Dave Smart received the Medal of Merit in 1972 and "Pop" Davies in 1973. Pop Davies, Rae Davies and Don Nagel attended the Jamboree at Ottawa in 1961. The Troop had a visit from a Pakistani Leader, Taki Moshin, after the jamboree.

The troop was so large in the 1960's that they had to have an A and B troop. Roy Klatt and Pop Davies were leaders of the Rover Crew. They built their own canoe for activities. The Venturers were started in 1966, but only lasted 3 or 4 years and then went over to the 77th Group.

The boys had many weekend camps at Hidden Springs (where the Glenmore Bridge is over the river). The parents came on Saturdays to see what skills the boys had learned. They also attended camps at Camp Matthews, Camp Gardner at Bragg Creek, Camp Woods at Sylvan Lake, Camp Impesa at Beaver Mines Lake southwest of Pincher Creek, which is the Lethbridge District Camp and at Priddis.

Don Nagel designed the shoulder flashes for the Groups and Terry Curtis for the Rangers. I made them for the boys after they were approved.

Some of the Presidents of the Group Committee were Jack Firmston Sr., Charles Case, Bill Samphire, Allan VanDale, and Roy Pidgeon. There were many Secretaries and Treasurers. Alice Simmons, Alice Davies, my daughter-in-law and myself among them. Mrs. Steve Marich spoiled us all with her fresh baked buns which were a standard item at all meetings.

Myself, I have been on the Executive Committee of the Parent's Auxiliary. I was the first secretary of the St. George's District Council when it was organized (I forgot the year) and was Badge Secretary for the District Council. I helped Jack Wallace organize the "St. George's District News". I also helped with Guides; helped draw up the Constitution and Bylaws for the 20th Group. With the help of Ivy DeVulder and Lil Stagg, I put out the first edition of the cook book "Our Mom's Favourite Recipes" in 1978 and a second edition was made in 1983.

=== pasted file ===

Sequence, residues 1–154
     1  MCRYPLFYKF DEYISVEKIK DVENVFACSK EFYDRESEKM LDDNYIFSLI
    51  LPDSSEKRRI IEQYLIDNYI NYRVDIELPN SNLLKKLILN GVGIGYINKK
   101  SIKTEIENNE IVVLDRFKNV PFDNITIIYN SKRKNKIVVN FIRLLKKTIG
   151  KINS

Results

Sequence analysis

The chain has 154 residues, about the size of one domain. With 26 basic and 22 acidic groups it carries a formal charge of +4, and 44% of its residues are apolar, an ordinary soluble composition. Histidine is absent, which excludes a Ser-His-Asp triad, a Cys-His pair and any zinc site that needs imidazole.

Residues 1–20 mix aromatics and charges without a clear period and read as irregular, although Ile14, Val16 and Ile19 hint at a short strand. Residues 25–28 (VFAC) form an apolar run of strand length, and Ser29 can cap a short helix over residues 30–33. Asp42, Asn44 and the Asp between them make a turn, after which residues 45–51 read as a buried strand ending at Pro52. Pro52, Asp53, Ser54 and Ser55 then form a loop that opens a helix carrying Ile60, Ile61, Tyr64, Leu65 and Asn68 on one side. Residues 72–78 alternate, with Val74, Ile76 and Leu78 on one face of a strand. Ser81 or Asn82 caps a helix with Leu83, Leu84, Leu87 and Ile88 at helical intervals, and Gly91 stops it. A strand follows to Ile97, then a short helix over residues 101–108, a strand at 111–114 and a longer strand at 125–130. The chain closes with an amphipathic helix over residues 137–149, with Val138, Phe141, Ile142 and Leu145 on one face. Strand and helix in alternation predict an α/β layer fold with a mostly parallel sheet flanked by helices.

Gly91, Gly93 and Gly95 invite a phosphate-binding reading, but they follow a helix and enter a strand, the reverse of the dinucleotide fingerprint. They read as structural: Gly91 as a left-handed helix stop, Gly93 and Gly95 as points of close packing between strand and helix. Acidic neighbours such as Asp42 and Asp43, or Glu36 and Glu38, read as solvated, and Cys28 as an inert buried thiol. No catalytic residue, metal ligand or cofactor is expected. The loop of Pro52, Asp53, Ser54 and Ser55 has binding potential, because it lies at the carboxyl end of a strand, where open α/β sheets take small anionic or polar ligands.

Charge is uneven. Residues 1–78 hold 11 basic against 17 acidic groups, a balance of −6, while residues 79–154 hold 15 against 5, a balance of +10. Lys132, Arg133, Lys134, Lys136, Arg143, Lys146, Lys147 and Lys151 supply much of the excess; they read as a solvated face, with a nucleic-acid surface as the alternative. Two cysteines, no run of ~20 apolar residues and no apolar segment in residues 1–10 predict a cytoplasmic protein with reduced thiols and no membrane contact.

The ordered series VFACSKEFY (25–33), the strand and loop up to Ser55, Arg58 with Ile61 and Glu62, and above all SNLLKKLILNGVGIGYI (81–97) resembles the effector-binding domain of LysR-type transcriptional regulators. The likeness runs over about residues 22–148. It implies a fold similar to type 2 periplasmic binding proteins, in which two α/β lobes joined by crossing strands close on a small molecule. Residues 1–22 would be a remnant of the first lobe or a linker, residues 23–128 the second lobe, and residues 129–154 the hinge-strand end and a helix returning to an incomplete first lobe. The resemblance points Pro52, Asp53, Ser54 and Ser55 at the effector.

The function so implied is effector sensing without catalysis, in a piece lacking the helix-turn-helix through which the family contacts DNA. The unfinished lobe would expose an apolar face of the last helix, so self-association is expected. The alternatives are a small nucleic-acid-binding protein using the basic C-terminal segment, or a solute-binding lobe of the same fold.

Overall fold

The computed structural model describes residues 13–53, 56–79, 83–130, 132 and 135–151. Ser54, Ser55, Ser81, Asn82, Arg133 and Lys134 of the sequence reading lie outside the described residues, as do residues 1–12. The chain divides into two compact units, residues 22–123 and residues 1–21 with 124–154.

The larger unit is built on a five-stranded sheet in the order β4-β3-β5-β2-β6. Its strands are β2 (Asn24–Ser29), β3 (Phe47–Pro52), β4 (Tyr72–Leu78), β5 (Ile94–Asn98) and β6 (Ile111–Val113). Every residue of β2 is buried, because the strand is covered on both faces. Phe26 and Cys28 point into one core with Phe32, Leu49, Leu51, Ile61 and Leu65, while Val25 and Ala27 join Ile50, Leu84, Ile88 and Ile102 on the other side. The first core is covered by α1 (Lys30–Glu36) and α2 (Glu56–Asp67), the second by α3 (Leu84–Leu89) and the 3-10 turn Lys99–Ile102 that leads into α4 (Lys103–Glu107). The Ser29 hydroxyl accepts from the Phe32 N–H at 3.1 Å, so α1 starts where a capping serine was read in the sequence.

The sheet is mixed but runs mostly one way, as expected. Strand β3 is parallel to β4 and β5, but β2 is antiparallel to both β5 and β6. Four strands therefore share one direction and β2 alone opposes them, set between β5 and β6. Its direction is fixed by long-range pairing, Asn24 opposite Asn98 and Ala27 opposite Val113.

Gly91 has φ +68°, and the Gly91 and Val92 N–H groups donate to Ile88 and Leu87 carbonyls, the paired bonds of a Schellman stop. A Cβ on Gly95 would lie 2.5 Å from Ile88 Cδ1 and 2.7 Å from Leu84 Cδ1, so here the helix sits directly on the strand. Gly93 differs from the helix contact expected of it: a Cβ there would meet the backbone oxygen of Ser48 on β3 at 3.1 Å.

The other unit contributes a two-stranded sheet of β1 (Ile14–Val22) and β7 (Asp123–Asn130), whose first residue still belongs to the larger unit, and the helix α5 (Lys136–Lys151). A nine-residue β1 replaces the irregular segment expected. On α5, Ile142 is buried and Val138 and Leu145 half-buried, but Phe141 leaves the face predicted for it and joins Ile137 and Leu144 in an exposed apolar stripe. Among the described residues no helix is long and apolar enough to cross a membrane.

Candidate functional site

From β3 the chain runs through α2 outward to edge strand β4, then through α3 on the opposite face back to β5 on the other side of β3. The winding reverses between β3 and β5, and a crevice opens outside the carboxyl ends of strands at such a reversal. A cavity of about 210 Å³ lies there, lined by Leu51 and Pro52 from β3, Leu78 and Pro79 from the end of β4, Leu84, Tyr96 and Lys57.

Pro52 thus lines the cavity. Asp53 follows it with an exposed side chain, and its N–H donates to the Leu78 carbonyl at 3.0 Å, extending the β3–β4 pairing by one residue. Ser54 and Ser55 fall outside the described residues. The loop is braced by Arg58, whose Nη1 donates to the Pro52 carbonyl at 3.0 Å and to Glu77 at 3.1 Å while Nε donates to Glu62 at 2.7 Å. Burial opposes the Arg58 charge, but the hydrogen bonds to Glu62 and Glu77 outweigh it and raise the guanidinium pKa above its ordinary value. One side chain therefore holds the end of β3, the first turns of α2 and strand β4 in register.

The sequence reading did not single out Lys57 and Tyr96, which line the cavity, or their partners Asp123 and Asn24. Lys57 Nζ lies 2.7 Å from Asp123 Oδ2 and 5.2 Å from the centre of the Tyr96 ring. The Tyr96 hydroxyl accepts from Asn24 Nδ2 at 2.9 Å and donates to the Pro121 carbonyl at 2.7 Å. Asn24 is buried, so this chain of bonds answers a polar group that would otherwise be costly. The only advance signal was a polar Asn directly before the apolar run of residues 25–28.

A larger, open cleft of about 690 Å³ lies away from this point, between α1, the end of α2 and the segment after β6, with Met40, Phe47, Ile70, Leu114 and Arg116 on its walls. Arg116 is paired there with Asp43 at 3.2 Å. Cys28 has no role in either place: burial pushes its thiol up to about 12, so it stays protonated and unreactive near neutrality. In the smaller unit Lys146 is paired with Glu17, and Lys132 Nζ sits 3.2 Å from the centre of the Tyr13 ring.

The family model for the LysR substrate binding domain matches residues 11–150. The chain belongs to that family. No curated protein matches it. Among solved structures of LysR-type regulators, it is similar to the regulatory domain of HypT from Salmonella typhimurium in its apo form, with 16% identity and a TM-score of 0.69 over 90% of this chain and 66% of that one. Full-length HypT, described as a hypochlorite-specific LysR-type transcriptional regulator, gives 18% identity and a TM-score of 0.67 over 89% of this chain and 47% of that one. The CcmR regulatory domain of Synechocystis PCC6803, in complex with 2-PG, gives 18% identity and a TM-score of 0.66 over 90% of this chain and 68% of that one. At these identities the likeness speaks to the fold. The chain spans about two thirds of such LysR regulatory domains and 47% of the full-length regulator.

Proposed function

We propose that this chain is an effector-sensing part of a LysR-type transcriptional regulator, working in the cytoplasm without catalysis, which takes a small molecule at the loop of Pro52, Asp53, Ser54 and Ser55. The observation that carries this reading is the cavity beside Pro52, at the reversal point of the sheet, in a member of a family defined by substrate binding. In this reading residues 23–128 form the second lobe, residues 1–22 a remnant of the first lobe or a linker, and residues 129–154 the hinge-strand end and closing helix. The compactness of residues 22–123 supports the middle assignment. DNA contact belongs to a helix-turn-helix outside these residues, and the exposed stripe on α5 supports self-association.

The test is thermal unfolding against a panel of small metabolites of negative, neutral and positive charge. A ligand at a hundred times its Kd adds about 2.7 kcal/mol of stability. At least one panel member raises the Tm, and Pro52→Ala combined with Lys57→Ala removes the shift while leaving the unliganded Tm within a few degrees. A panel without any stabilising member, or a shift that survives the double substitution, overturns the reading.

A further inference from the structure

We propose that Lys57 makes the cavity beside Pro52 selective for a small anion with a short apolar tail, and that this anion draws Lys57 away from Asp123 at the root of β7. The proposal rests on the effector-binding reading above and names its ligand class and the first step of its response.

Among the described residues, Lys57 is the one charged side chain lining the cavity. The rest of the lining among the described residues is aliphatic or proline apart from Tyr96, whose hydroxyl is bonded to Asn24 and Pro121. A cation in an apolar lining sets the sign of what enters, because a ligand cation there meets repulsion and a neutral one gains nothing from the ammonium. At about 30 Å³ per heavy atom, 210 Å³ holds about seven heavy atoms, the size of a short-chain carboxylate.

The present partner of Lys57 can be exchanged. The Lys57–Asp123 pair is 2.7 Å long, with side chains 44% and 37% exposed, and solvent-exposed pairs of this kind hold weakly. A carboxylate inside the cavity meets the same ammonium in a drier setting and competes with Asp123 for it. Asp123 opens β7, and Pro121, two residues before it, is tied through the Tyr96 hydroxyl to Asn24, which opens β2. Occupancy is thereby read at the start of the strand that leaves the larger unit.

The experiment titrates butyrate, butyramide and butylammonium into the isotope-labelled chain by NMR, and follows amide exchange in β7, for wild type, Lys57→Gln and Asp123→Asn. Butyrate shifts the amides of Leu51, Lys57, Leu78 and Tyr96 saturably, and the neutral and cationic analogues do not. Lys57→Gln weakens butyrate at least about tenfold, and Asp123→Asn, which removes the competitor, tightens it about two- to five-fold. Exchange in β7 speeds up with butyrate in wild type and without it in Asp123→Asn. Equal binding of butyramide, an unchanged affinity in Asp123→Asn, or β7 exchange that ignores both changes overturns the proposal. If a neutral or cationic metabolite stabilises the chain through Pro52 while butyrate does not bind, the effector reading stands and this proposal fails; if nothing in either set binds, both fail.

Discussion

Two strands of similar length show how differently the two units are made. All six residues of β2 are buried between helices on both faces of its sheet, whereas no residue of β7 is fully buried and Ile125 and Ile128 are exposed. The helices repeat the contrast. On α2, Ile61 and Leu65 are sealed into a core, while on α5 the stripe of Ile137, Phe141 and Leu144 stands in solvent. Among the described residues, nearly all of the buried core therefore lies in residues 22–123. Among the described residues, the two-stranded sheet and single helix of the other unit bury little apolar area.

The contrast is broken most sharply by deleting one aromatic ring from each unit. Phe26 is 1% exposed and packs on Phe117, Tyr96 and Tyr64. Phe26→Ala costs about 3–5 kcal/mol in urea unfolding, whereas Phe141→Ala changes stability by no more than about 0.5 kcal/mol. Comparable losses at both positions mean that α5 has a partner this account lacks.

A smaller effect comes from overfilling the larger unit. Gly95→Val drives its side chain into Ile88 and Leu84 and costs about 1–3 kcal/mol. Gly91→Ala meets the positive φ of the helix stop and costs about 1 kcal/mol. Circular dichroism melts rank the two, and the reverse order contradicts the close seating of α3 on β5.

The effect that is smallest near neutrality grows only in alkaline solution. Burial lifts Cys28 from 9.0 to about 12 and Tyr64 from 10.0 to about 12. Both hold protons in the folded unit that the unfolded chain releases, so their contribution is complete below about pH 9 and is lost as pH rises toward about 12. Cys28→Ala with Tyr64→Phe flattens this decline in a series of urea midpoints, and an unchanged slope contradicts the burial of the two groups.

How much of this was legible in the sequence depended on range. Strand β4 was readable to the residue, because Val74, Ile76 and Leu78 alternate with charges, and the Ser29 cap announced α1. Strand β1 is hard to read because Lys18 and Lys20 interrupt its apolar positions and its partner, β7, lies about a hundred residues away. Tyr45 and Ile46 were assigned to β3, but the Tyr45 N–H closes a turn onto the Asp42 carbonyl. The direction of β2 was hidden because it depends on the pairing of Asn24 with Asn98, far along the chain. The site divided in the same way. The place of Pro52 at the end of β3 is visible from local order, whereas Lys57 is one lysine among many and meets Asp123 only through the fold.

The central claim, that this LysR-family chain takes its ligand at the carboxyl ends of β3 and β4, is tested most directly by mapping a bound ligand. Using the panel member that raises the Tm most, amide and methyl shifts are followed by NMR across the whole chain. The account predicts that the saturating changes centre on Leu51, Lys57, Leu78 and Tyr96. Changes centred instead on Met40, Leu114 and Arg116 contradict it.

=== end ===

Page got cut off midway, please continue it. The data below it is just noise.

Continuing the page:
I still the book Bottle Drives for all the Groups in the Ogden Millican area. Most people think it's a lot of work but I really enjoy it all, especially the satisfaction of teaching semaphore and knots, as well as making gallons of hot chocolate in a caner at the camps. I held the First Reunion of the 20th Scouts (after 50 years) on December 19, 1981. I didn't realize it was to the exact date of the opening of the hall. I was able to obtain the names and addresses of over 300 former Scouts up to that time. 128 attended, some coming as far away as Denver, Colorado and the B.C. Coast.

I hope I have given you some insight into the 20th Group's activities over the 50 years or more that it has been in operation. Pop figured he put over 300 boys through Scouts in the 28 years he was a Leader with only three ever getting into trouble with the law. Petty good record, don't you think? It shows what Scouting can do to mould a boy's life on the right path.

Thank you for inviting me to your supper and program. I wish you all success with your programs in the future.